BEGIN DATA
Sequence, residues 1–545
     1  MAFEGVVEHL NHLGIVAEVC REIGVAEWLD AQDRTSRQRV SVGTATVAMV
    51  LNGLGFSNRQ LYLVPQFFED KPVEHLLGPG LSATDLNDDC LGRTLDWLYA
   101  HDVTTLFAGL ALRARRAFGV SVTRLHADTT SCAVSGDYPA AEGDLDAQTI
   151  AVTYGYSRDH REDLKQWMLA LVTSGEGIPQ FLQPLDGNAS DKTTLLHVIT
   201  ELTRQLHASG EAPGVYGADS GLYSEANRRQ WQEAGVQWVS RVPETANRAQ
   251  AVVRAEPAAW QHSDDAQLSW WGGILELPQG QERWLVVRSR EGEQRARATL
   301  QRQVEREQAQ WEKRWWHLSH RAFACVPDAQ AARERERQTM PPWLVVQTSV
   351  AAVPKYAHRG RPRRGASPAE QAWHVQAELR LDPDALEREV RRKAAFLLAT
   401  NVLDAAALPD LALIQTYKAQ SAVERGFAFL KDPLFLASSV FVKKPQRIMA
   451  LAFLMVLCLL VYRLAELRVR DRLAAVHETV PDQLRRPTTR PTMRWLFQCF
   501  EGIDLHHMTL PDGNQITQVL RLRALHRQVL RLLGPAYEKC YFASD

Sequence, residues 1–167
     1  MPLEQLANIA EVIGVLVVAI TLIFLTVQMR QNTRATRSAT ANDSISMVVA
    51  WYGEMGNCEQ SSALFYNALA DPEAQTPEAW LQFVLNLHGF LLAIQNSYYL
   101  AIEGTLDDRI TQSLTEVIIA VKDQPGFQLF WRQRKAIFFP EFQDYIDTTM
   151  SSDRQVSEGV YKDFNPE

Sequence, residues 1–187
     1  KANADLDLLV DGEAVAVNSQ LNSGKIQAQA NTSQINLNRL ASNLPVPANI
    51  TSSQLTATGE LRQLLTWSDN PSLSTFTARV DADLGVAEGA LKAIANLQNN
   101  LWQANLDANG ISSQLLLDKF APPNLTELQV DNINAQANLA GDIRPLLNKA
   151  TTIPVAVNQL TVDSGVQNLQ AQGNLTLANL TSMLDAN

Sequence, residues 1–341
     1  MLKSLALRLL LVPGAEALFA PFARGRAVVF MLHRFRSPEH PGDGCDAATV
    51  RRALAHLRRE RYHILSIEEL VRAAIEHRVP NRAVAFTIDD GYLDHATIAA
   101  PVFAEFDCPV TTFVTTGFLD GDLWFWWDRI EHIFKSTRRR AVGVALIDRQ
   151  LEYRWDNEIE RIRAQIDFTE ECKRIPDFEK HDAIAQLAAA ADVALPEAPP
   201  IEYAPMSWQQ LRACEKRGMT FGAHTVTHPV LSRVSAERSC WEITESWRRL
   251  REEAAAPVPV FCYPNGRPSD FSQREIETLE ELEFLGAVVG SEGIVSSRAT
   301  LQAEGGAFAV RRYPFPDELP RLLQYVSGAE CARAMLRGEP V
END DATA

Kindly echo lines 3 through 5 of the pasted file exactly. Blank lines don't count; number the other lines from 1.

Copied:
    51  LNGLGFSNRQ LYLVPQFFED KPVEHLLGPG LSATDLNDDC LGRTLDWLYA
   101  HDVTTLFAGL ALRARRAFGV SVTRLHADTT SCAVSGDYPA AEGDLDAQTI
   151  AVTYGYSRDH REDLKQWMLA LVTSGEGIPQ FLQPLDGNAS DKTTLLHVIT